wheel show which way to turn it for more or less drag. Manufacturers often position these drag-control wheels so they can be operated by an angler’s thumb when a fish is on. When shopping for a spincast reel, try out reels with both kinds of drag systems to see which you prefer.
Spincast reel gear ratios are expressed in numbers such as 2.6:1 or 4.3:1. The number to the left of the colon is how many times line is wound around the spool, and the number to the right is the number of complete handle turns needed to accomplish the number on the left. A spincast reel with a gear ratio of 2.6:1 will wind line around the spool 2.6 times for each turn of the handle. A gear ratio of 4.3:1 will wind line around the spool 4.3 times every time the handle is cranked once. The lower the gear ratio, the slower line is retrieved after the cast. Lower gear ratios retrieve line more slowly, but also have more cranking power – kind of like the low gear in your vehicle’s transmission. High gear ratios offer faster line retrieve. The range of gear ratios available in spincast reels is not as great as it is in baitcasting or spinning reels and typically falls between 2.5:1 and 4.5:1.
Compared to other reels, spincast models usually have smaller line capacity. Most hold between 80 and 120 yards of line, but the exact amount will vary with the diameter and strength of line used and the size of the reel. Spincast reels usually come with line included and prespooled in the reel. Some models have interchangeable spools that enable anglers to switch from one kind of line to another quickly.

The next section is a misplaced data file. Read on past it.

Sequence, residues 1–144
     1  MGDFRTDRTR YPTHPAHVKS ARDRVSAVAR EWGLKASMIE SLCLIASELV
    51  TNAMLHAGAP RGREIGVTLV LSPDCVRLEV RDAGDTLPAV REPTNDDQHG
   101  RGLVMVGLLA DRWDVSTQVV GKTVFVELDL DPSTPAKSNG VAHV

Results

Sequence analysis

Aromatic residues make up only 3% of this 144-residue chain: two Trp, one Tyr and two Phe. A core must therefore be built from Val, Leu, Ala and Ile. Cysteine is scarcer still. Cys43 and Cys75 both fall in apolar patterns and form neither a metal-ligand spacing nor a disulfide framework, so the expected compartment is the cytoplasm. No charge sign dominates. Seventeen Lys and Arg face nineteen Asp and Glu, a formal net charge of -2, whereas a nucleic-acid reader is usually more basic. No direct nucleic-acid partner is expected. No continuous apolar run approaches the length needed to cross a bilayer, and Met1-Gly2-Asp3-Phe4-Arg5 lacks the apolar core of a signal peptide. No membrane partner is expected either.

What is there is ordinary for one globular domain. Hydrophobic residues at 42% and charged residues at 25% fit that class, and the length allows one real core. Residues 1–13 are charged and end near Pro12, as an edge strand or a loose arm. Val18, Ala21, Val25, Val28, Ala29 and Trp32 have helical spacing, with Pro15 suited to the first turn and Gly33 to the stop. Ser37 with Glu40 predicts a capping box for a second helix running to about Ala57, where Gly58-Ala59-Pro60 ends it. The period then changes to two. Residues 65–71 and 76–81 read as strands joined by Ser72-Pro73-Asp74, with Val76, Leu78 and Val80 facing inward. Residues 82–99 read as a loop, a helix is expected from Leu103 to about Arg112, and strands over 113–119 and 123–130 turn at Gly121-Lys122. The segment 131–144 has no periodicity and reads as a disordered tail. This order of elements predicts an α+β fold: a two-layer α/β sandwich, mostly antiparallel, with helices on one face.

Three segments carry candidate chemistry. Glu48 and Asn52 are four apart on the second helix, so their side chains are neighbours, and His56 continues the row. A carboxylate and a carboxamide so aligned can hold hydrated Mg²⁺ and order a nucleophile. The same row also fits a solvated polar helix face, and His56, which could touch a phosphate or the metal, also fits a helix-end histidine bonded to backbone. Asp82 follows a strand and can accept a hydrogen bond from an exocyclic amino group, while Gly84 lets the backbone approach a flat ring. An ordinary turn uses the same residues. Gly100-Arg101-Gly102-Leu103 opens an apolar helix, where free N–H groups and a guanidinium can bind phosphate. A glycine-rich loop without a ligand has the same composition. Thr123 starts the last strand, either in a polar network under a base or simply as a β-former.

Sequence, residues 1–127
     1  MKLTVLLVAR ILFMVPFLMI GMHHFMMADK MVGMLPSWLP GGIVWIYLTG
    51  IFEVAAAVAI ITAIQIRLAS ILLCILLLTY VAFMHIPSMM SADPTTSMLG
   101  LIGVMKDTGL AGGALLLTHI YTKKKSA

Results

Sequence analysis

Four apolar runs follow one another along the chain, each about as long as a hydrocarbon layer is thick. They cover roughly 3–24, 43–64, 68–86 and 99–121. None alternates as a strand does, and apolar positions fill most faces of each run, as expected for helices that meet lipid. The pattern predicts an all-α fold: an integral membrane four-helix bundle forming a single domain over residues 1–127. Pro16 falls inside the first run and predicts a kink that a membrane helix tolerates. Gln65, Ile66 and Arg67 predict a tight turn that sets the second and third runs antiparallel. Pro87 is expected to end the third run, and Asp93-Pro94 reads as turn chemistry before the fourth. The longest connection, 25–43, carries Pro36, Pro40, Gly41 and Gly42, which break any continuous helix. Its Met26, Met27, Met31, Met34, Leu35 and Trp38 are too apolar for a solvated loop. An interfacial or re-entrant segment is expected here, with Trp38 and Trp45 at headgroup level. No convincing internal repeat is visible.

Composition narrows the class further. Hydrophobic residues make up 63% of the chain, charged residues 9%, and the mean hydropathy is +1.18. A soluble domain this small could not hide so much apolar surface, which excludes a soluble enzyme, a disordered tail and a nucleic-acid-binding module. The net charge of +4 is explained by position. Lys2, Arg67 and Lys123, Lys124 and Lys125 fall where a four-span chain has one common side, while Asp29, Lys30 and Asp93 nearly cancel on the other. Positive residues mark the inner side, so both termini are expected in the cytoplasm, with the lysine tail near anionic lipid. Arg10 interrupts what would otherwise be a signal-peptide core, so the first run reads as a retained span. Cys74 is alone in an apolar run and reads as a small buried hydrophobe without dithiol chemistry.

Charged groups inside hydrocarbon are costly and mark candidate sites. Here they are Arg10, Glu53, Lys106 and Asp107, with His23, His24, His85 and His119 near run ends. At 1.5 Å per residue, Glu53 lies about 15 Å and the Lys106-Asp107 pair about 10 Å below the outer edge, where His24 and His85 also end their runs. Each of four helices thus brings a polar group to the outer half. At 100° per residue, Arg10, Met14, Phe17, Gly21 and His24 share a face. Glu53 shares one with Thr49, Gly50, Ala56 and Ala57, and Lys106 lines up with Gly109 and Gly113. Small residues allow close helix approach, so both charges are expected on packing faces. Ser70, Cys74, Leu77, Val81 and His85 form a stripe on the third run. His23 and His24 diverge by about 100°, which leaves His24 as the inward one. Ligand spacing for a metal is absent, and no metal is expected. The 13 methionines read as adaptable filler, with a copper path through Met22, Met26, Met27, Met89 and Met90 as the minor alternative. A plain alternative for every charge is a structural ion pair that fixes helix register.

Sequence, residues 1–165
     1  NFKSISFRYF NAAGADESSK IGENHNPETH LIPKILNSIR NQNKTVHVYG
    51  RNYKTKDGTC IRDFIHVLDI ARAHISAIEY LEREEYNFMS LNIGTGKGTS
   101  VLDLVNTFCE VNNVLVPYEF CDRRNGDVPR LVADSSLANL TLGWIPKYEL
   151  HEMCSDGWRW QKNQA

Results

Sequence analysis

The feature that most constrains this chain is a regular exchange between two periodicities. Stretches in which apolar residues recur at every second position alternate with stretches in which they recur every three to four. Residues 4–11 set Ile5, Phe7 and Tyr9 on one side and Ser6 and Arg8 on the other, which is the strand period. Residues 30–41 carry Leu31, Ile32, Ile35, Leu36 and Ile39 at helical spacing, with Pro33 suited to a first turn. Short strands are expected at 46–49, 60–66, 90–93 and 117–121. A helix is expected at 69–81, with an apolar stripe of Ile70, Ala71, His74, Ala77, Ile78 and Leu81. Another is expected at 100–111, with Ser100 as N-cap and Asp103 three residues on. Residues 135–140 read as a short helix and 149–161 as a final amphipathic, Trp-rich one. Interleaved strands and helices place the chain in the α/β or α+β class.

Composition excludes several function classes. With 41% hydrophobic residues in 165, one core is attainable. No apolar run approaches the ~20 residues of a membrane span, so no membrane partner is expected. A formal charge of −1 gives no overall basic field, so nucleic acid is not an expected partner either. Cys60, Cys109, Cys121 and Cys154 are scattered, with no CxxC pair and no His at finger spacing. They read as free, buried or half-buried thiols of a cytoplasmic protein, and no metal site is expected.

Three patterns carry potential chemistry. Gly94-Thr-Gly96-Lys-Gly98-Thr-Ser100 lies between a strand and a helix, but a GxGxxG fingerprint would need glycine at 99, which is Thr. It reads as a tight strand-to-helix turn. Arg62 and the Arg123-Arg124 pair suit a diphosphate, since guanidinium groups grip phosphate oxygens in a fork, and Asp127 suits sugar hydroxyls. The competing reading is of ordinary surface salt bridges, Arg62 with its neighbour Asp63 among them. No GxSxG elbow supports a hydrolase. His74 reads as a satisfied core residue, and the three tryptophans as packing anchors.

Spincast reels are no different from other kinds of reels when it comes to ball bearings. More is better. The greater the number of ball bearings, the smoother the reel will be to operate. Spincast models usually have between two and six ball bearings.
Spincast reels probably catch more fish in America each year than any other design. That’s because they’re easy to use, inexpensive compared to other designs and widely available. Because they are so easy to use, spincast rod and reel combos are what most parents choose to teach children how to fish. But spincast reels aren’t only for children.
Anglers of all ages fish with spincast reels. Some have even put a few fish in the record books while doing so. You won’t find reels that are more affordable and simple to operate. Check out our selection by typing in "spincast reel" in the search bar at the top of this page. Or visit a Cabela’s retail store fishing department and one of our outfitters will help you decide which spincast reel is right for you.
Please can someone tell me why we teach children and adults to cast with their right hand and then switch hands to reel with their right hand??? only when the reel is on top of the rod??? then Cast with your right and reel with your left when the reel is on the bottom???
Why are all kids push button reels designed to reel with your right hand and force kids to switch the rod to your left??? when i ask adults why they do this bizarre time wasting, fish missing, rod dropping, hand switch activity they all say "thats how I learned"
so the question again is WHY???
Why would I ever want to hold the rod in my left hand??? and WHY would all manufacturers force us to only when the reel is on top???